Warm Waters in the Great Lakes

July 23rd, 2012 |
MODIS Estimates of Lake Surface Temperature

MODIS Estimates of Lake Surface Temperature

Persistent heat over the upper Midwest and Eastern United States for the first half of 2012 have helped warm Great Lakes surface water temperatures. MODIS estimates of Lake Surface temperature, above, show only a small region of temperatures cooler than 60 F in the entire Lake system in a very small region near Isle Royale in Lake Superior. (Click here for maps of Lake Superior temperatures. You can also find data for Lakes Huron, Michigan, Erie and Ontario). All other temperatures exceed 60 F. The 8-day average of MODIS SSTs over the lake, from Terra and from Aqua, obtained from this interactive site also shows the warmth. An SST image from AVHRR (the image doesn’t include all of Lake Superior) also shows warm temperatures.

Major flooding event in Beijing, China

July 21st, 2012 |
FY-2E 0.73 µm visible channel images (click image to play HD animation)

FY-2E 0.73 µm visible channel images (click image to play HD animation)

A major flooding event occurred in the Beijing, China area on 21 July 2012, as the heaviest rainfall in over 60 years caused at least 77 fatalaties, cancelled over 500 airport flights, and forced more than 65,000 people to be evacuated. Much of the city averaged around 7-9 inches of rainfall within a 10-hour period, with the heaviest total rainfall accumulation being 18.1 inches (460 mm) in the Fangshan District of Beijing. McIDAS images of 1.25 km resolution 0.73 µm visible channel data from the Chinese FY-2E satellite (above; click image to play HD animation) showed an elongated band of clouds with embedded thunderstorms oriented from southwest to northeast across much of northeastern China. The small green box denotes the location of Beijing International Airport.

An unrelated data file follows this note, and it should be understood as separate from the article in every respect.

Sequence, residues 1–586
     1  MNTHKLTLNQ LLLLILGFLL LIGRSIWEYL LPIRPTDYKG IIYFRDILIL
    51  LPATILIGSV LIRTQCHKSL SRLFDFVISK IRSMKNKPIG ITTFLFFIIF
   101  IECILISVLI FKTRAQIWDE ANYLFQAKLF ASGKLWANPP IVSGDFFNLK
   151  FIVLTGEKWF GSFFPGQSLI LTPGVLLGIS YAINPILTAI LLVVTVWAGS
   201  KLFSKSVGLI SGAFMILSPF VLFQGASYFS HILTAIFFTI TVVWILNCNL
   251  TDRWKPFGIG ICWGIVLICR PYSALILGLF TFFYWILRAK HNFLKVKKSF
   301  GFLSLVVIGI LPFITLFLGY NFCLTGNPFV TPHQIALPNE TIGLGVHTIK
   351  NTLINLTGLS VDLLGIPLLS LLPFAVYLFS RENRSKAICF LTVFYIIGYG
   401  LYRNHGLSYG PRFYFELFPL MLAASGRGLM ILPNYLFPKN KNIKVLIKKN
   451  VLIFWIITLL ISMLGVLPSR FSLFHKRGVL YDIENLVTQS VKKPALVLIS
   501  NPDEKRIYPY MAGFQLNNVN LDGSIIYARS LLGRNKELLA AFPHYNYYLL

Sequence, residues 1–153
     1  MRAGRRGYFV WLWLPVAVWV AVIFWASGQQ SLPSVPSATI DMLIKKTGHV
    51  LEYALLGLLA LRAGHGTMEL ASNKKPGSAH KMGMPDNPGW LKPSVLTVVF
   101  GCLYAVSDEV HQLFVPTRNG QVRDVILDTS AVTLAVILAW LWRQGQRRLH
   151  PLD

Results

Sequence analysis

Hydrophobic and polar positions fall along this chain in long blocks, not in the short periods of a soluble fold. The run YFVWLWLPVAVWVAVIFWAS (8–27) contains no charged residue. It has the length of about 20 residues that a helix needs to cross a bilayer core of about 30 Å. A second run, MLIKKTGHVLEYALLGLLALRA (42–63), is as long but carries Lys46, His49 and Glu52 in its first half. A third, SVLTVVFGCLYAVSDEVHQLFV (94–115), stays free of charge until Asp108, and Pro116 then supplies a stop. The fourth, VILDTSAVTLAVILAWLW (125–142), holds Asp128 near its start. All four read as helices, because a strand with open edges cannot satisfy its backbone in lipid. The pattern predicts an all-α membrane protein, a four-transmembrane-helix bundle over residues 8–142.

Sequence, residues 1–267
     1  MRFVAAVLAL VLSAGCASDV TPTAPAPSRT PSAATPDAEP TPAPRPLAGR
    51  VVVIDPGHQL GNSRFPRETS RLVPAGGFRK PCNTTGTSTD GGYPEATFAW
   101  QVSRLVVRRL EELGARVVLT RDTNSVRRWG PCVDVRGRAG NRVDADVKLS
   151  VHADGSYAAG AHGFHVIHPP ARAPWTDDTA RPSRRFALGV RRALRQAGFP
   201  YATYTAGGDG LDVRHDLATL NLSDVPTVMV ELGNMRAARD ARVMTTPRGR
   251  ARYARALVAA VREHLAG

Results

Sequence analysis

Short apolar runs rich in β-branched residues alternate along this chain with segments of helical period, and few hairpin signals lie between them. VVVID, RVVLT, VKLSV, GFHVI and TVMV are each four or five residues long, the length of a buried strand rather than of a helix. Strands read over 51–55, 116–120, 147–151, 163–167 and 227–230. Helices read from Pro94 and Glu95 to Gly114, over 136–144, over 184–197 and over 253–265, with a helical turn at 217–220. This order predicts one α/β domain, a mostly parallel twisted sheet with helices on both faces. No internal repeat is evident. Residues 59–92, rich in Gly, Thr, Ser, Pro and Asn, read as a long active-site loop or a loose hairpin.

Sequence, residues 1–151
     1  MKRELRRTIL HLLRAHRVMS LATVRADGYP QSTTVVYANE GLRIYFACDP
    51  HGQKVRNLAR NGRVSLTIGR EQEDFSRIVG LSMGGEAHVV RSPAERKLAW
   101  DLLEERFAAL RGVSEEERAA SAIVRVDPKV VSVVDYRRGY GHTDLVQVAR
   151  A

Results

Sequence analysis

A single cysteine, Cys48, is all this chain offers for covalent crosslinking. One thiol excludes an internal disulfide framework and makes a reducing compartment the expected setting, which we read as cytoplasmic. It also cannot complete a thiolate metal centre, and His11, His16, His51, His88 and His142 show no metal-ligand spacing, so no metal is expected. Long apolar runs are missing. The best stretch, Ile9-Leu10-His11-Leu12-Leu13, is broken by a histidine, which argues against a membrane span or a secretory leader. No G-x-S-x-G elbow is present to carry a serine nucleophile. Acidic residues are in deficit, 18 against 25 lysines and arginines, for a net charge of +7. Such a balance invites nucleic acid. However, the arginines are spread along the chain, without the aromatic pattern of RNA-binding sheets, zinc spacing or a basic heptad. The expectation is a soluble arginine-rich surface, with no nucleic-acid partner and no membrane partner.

While there are some navigation issues associated with the FY-2E satellite (as noted by the amount of image drift during the animations), the position of the satellite at 105º E longitude offered a good viewing angle for this particular event. For a more detail meteorological analysis, see “Beijing flood of 21 July 2012” by Richard Grumm, NWS State College PA.